The 2022 FIFA World Cup

Sheikh Tamim also continued to work to improve the country’s image at a time when its sovereignty was under threat. Under his leadership, Qatar organized the 2022 FIFA World Cup. He began preparations for the tournament as soon as he succeeded his father and managed to organize the world’s largest event at an unusual time, in November-December 2022, spending a total of almost $200 billion. The 2022 FIFA World Cup has always had an important place in the image of Qatar. For decades, Qataris have wanted to put Qatar on the map for all to see and thanks to this event, the whole world had the opportunity to get to know Qatar better. In addition, the fans gained knowledge about the Arab Muslim culture.

Meanwhile, Qatar’s investment in football encouraged its Arab neighbors and brought them into the competition. For example, Saudi Arabia brought top players, including Cristiano Ronaldo, to the Saudi Football League; bought Premier League’s Newcastle United; and invested heavily in e-sports and golf—all after Qatar boosted its image thanks to the World Cup.

On the domestic front, Sheikh Tamim allowed elections for the Shura Council, even though Qatar is an emirate. The first elections took in October 2021. By law, 30 of the council’s 45 members are elected by popular vote. Although the council does not share power, it is an important development that the members of such an institution are elected by the people. Sheikh Tamim also abolished the kafala (sponsorship) system before the World Cup in response to criticism of labor rights abuses.

Normalization of diplomatic ties

On the foreign policy front, relations with the blockading Arab states have been normalized and ambassadors have been appointed on a reciprocal basis. The Qatari government has also abandoned its active interventionist foreign policy in recent years and begun to play the role of mediator again. In particular, the U.S. withdrawal from Afghanistan through Qatar and the Taliban’s opening to the world through Qatar are the most notable achievements of Qatari foreign policy in recent years. In the upcoming period, the Emirate of Qatar under Sheikh Tamim is expected to continue its mediation diplomacy and not to get involved in regional conflicts.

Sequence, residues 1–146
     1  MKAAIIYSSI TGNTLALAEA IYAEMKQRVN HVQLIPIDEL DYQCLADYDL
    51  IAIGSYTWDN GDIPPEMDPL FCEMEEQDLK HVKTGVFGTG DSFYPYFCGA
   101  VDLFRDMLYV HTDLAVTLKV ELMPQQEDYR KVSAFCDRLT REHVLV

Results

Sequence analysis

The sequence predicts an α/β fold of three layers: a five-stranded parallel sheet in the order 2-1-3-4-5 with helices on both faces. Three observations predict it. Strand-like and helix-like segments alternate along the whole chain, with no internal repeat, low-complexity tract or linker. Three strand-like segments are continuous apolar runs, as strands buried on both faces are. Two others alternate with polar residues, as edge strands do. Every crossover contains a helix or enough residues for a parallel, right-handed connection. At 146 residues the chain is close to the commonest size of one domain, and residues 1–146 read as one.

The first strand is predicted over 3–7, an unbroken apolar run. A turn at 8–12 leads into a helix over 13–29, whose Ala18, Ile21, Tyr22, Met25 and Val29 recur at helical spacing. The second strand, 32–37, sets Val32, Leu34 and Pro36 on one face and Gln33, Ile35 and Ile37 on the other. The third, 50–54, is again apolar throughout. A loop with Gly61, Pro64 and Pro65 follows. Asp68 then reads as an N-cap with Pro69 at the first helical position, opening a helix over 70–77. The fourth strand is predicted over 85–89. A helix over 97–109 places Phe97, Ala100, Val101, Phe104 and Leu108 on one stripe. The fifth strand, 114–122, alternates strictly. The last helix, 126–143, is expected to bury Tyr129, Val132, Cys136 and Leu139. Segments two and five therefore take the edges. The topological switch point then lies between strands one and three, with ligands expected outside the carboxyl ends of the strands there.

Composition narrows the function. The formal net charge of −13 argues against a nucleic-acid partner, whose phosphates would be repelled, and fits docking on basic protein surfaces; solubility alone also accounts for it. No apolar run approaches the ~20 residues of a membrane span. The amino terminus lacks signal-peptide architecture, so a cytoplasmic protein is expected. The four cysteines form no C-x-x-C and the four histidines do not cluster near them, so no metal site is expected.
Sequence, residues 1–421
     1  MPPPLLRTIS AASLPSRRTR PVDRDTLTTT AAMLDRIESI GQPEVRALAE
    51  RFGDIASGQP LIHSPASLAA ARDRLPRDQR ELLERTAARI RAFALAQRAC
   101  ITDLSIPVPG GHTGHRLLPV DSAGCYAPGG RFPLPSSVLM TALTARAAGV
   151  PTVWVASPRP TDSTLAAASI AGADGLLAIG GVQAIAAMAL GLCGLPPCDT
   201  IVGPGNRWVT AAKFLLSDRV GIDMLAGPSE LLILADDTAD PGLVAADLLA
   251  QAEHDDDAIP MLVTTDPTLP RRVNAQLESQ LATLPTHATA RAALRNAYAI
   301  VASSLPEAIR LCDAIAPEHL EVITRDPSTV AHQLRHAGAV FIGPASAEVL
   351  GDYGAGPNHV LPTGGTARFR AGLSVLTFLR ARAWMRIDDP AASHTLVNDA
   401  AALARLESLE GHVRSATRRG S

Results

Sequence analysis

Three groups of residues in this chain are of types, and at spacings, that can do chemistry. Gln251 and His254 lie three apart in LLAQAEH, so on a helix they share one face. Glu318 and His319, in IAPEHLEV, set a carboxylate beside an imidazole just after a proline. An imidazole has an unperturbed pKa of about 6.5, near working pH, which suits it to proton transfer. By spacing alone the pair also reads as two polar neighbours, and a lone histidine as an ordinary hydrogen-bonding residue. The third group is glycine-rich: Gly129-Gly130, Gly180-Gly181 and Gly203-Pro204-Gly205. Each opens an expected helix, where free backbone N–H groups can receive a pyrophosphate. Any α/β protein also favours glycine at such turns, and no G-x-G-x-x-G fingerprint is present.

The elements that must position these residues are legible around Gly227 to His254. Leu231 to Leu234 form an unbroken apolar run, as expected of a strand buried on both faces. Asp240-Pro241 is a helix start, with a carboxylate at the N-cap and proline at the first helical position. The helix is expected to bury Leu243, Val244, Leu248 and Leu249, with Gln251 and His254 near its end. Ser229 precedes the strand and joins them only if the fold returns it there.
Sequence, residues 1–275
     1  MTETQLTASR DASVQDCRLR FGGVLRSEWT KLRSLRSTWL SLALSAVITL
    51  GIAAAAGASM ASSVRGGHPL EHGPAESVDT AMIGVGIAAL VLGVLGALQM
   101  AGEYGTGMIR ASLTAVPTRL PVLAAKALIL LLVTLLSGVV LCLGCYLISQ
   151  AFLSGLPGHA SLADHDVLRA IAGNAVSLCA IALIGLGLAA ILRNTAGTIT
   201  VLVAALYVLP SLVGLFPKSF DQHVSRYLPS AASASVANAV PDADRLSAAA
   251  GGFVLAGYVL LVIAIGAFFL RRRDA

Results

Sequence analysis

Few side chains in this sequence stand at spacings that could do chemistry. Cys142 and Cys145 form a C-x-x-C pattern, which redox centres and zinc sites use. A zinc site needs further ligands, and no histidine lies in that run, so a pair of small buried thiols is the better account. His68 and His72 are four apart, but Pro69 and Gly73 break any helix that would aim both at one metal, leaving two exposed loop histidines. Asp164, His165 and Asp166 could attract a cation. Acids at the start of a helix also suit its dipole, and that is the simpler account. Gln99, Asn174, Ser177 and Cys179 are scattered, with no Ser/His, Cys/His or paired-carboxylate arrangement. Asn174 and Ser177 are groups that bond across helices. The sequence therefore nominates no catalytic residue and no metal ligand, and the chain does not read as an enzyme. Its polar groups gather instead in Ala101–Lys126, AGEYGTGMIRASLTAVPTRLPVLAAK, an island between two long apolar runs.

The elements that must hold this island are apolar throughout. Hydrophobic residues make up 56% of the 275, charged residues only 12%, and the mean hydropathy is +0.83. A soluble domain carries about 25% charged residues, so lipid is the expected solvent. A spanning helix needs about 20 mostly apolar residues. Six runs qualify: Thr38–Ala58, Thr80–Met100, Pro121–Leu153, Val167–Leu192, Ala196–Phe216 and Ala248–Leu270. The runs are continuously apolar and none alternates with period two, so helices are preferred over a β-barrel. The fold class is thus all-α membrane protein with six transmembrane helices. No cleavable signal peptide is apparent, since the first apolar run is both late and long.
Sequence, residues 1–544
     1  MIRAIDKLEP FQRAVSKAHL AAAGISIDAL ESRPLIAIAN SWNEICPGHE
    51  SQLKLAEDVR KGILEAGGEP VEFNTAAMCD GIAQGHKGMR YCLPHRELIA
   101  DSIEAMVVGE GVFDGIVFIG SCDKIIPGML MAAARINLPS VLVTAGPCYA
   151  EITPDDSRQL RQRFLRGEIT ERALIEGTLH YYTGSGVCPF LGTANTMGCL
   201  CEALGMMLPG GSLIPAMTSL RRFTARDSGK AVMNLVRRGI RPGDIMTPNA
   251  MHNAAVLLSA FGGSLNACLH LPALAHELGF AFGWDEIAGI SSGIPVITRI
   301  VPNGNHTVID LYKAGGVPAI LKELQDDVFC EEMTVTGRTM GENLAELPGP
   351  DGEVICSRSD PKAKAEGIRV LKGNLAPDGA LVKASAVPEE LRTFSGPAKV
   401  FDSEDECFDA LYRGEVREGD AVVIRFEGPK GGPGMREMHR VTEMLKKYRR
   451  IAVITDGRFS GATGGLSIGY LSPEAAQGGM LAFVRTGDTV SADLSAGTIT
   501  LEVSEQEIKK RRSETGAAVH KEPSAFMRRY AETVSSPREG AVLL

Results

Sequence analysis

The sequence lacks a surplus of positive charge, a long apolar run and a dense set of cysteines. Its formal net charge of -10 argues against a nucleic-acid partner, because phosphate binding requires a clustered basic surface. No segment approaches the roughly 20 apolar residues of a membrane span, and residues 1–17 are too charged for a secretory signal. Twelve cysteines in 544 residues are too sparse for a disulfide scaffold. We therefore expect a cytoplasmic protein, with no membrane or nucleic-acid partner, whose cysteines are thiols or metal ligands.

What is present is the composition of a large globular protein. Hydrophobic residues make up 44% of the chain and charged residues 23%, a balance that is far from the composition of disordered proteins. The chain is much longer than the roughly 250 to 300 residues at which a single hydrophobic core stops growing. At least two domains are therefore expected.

Among others, Sheikh Tamim is expected to play an active role in foreign policy, bring the conflicting parties in the region to Doha, pursue a policy of balancing between the great powers, continue to be involved in the Israeli-Palestinian conflict, personally deal with issues of the Islamic world, and increase aid to other countries. In short, Qatar’s maverick foreign policy, handed down from father to son, will continue as it has for the past three decades.

It should be noted, however, that this will come at a price. Although Sheikh Tamim has improved relations with the UAE, Saudi Arabia, Bahrain, and Egypt, it is certain that rivalry will continue. UAE leader Mohammed bin Zayed (MBZ) and Saudi Crown Prince Mohammed bin Salman (MBS) are locked in an unrelenting rivalry to become the leaders of the Gulf and even the Arab world.

Source: Politicstoday.org